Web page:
Putting the Rugby World Cup aside for a moment, there is growing discontent among fans of the round ball sport. The past week was another average one for our 'elite' English teams in the Champions League. They have so far played 8 group games of which 5 have ended in defeat. Arsenal have lost both their two games, firstly to Dino Zagreb and then to Olympiakos who, up until Tuesday night, had the exemplary record of 12 defeats from 12 games against English teams. Last season the 4 English representatives lost only 6 of the 24 group games, whilst in the years 2003/2004 to 2011/2012, the most English defeats in the group stages was 5. So what's gone wrong? Apparently the players are paid far too much and don't care! There is no winter break so the players are too tired! And the Premier League is too competitive so there are no easy games! If the English teams don't buck up their ideas, then there is a real chance that the Premier League will lose one of its current four Champion League places come the start of the 2017/2018 season. And given that Arsenal's next two games are against the German giants, Bayern Munich, the signs don't look too promising.
Talking of German giants, Volkswagen has had better weeks hasn't it? Whilst the impacts of their scandal are still to play out, it's obvious that they are not expecting to get away with it, having already set-aside £4.8bn to cover the anticipated costs. But what will be the impact on the automotive sector as an investment asset class? Albeit released just before the VW scandal broke, a Knight Frank report on the sector predicts that 2015 will see the largest-ever volume of automotive investment deals, with around £650m expected to transact by the end of the year. The report also identifies that operators are increasingly considering alternative ways to raise capital for expansion, by unlocking it from their real estate assets. In VW’s case, it may be to raise capital for emission fines instead.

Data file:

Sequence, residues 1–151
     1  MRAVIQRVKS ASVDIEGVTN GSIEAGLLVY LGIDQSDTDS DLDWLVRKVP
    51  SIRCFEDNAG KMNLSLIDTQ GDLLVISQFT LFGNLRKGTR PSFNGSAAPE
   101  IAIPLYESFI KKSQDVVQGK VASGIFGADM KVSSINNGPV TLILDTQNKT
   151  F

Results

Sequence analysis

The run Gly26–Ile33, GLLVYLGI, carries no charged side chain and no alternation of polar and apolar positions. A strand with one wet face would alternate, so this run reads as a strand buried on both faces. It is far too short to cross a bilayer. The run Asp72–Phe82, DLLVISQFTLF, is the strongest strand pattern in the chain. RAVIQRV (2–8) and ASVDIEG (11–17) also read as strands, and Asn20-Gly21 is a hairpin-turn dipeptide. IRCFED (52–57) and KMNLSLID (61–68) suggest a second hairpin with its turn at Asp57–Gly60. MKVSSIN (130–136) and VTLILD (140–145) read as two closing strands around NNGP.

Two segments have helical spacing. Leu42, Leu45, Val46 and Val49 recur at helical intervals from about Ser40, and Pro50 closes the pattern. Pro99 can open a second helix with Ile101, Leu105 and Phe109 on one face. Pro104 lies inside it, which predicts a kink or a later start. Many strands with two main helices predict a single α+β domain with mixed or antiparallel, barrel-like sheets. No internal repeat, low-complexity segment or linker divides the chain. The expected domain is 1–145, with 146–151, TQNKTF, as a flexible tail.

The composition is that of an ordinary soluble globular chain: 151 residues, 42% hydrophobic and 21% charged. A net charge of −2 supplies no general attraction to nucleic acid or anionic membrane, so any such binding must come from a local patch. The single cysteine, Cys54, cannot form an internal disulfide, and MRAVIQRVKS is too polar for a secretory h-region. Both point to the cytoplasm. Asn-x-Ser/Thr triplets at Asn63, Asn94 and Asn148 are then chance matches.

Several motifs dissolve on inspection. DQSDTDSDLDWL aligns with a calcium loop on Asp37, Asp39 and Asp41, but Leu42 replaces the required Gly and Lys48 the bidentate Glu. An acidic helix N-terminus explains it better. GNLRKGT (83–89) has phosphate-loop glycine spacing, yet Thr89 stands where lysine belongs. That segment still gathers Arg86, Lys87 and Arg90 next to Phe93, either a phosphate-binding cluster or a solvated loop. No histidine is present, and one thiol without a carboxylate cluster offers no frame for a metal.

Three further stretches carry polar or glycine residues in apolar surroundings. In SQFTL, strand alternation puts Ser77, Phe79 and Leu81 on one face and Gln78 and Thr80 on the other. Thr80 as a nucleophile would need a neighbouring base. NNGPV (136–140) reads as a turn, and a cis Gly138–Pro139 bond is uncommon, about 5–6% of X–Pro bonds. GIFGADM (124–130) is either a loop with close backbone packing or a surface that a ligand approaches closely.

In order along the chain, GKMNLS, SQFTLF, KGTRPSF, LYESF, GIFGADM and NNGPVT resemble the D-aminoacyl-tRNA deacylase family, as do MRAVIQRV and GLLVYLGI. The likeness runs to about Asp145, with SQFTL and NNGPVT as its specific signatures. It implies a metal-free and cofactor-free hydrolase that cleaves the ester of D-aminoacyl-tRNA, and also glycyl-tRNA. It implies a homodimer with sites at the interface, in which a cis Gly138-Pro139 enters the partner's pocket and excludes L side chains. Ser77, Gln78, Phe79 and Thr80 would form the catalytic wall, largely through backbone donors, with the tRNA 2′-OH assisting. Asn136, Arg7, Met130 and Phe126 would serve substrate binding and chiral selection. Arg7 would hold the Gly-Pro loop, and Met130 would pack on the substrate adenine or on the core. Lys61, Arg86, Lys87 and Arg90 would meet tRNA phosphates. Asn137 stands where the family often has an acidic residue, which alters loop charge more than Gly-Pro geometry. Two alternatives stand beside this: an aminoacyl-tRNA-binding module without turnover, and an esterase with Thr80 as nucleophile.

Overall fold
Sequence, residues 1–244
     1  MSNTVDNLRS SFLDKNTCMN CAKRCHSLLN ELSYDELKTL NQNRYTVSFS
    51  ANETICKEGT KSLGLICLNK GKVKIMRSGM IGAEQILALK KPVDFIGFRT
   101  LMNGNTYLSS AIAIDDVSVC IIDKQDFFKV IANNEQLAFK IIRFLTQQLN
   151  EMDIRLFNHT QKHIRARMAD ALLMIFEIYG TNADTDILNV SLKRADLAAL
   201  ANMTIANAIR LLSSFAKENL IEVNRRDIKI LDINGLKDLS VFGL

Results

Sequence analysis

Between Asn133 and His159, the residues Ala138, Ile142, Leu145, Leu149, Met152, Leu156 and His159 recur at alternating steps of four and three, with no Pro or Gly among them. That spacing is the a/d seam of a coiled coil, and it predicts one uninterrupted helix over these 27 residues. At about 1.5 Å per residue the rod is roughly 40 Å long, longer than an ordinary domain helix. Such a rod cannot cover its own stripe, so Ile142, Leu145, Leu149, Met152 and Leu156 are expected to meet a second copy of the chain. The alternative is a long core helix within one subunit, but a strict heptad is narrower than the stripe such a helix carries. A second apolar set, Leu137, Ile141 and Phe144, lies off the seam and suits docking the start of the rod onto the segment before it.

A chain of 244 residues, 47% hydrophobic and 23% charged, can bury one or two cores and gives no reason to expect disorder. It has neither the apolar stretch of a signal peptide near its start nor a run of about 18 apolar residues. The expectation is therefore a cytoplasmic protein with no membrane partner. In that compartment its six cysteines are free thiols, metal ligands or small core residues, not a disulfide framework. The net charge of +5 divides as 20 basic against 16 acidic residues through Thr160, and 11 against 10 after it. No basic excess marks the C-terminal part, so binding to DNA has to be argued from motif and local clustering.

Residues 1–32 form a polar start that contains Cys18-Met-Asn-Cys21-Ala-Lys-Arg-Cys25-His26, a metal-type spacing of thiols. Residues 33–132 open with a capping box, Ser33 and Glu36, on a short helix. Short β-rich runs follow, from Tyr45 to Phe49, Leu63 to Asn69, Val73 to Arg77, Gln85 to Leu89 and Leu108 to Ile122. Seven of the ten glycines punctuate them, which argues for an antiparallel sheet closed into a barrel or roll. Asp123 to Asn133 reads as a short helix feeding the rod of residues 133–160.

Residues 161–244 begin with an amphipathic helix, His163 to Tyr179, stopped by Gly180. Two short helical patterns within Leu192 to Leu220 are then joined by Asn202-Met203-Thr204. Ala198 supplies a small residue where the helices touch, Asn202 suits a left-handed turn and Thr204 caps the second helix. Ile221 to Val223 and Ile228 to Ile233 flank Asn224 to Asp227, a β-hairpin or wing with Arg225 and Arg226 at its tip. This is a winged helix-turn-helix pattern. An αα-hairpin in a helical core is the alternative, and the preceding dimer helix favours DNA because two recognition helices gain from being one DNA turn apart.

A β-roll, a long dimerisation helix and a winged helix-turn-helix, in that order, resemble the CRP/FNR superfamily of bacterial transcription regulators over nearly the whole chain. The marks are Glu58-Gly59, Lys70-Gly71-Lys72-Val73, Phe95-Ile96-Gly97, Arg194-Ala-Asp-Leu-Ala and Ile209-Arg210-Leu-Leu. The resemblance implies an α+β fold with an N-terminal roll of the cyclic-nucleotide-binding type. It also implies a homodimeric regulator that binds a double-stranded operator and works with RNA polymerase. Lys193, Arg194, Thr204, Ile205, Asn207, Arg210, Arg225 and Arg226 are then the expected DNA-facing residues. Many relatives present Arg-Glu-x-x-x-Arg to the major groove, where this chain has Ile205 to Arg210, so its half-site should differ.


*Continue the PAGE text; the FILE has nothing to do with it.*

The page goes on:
Did you get out the party poppers on Thursday and celebrate? Well, 1st October was the inaugural International Coffee Day, an occasion to celebrate the drink and “support the millions of farmers whose livelihoods depend on the aromatic crop”. Whilst having an official 'day' may seem rather extreme, the importance of coffee to the global economy should not be underestimated. Coffee, after oil, is the second most valuable global commodity. In the UK we collectively drink 70 million cups a day and, on average, we each consume 2.8 kg of coffee every year. That may sound like a lot but it is far less than the world’s number one coffee-guzzling nation, Finland, where on average each person consumes 9.9 kg! Sweden, the Netherlands, Norway and Slovenia complete the top five. So when your doctor next frowns at your high level of caffeine intake, at least you can now respond by saying you are doing your bit to help improve your nation's ranking.
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